Ansible Playbook

Automation is vital in today's rapidly moving and changing information technology space. It is changing the way we perform work much faster. Therefore, it becomes essential to have reliable and trusted automation tools that help you serve better. In this regard, Ansible comes into the picture, which is a popular open-source automation tool. It efficiently manages the automation of daily IT applications. Ansible Playbooks also play a crucial role in Ansible as a core component of Ansible configurations. Moreover, Ansible Playbooks are among the core features of Ansible that design automation tasks and help in many complex IT services. In this blog, you will learn about what an Ansible Playbook is, how it works, and many other aspects of Ansible Playbook.

What are Ansible Playbooks?

An Ansible Playbook is a file that maintains Ansible code. It contains a collection of commands that Ansible uses to automate various IT tasks. Moreover, Playbooks are written in a format called "YAML," which refers to Yet Another Markup Language. It is a markup language that is human-readable.

Using Ansible Playbooks, IT teams working on multiple tasks can automate configuration management, provisioning, deploying apps, etc. Further, Ansible Playbooks make it easier to explain the required automation workflows in a human-readable way. It makes it simple to manage and scale configurations efficiently without much effort.

How does Ansible Playbook work?

Ansible Playbooks generally uses YAML language to execute tasks. It is a powerful and human-readable markup language that is easy to learn and simple to use by anyone. However, a playbook generally contains more than a single play, which includes a group of multiple tasks that run in order.

When you start running Ansible Playbook, it first reads the playbook file and analyzes the YAML syntax. Ansible uses "Modules," Python-based small programs with an extensive library to execute multiple tasks.

Before executing a task, Ansible looks after the exact module that best fits to perform a specific task. Ansible executes the functions as a shell command if no exact module match is found.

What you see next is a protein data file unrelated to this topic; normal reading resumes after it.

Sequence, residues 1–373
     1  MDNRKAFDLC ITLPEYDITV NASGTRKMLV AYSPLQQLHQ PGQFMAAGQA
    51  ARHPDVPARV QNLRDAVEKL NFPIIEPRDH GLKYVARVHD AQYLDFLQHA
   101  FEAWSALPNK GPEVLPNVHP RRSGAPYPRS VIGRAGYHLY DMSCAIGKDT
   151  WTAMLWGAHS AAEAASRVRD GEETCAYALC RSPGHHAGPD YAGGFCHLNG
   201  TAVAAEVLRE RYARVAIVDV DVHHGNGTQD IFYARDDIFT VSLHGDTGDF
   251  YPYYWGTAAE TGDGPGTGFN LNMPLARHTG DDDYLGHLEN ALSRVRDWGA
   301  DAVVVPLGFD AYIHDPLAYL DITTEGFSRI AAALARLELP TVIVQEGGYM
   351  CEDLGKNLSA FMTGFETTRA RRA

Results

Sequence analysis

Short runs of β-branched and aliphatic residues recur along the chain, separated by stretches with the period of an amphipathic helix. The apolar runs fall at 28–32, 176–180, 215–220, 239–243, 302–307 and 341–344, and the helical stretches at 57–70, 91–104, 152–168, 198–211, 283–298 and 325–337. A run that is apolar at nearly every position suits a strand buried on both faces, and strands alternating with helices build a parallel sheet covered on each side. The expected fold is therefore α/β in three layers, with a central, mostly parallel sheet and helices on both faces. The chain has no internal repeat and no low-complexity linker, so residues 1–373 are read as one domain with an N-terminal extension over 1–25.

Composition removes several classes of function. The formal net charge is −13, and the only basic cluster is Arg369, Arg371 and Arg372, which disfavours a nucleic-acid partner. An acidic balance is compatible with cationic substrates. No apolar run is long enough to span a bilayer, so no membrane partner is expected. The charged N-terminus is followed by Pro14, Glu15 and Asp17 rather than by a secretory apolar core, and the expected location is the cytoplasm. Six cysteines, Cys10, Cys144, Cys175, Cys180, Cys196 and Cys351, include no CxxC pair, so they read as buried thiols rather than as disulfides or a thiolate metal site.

Multiple Ansible modules perform multiple IT tasks, which include:

  • Cloud management: 

The oci_vcn helps to build, remove, or update VCNs (Virtual Cloud Networks) within the environments of Oracle Cloud Infrastructure.

  • User management:

The slogan maps the users of Linux OS with SELinux users along with gitlab_user builds, removes, or updates GitLab users. 

  • Security:

The Openssh_cert produces an OpenSSH host or user Certificates, and ipa_config controls the configuration settings of FreeIPA.

  • Configuration management:

Here, pip manages the Python library dependencies well while the assembly consolidates configuration files from the snippets.

  • Networking:

Under networking tasks, APIs (Application Programming Interfaces) are managed by dozens of modules, including Cisco IOS, IOS XR, NXOS devices, and F5 BIG-IP services.

  • Communication:

Based on specific criteria, mail as a contact can send emails automatically, and snow_record builds, removes, or improves an individual record within ServiceNow.

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What Are Ansible Playbooks Used For?

Ansible Playbooks play a key role in automating multiple IT tasks. These include running various tasks, allotting different roles, defining configurations, and deploying numerous steps and elements. Ansible Playbooks arrange the levels between the erected devices or servers if multiple servers are used. Also, they organize and make them run as the users require as per their needs. Thus, Ansible Playbooks are also considered manuals with directives. Further, these playbooks allow users to deal with configurations and deployments of remote devices.